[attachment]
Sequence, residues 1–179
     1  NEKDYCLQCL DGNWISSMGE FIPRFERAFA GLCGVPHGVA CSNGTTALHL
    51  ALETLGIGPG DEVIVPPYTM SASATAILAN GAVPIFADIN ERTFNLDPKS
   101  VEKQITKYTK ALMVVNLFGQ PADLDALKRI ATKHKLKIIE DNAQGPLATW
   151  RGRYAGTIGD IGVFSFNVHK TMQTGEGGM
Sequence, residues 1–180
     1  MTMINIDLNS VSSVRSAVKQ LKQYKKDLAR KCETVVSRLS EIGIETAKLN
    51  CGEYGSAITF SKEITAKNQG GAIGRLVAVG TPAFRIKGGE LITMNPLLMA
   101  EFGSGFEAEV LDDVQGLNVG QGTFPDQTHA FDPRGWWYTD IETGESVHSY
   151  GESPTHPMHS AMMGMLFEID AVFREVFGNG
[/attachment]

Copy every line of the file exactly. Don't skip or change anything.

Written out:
Sequence, residues 1–179
     1  NEKDYCLQCL DGNWISSMGE FIPRFERAFA GLCGVPHGVA CSNGTTALHL
    51  ALETLGIGPG DEVIVPPYTM SASATAILAN GAVPIFADIN ERTFNLDPKS
   101  VEKQITKYTK ALMVVNLFGQ PADLDALKRI ATKHKLKIIE DNAQGPLATW
   151  RGRYAGTIGD IGVFSFNVHK TMQTGEGGM
Sequence, residues 1–180
     1  MTMINIDLNS VSSVRSAVKQ LKQYKKDLAR KCETVVSRLS EIGIETAKLN
    51  CGEYGSAITF SKEITAKNQG GAIGRLVAVG TPAFRIKGGE LITMNPLLMA
   101  EFGSGFEAEV LDDVQGLNVG QGTFPDQTHA FDPRGWWYTD IETGESVHSY
   151  GESPTHPMHS AMMGMLFEID AVFREVFGNG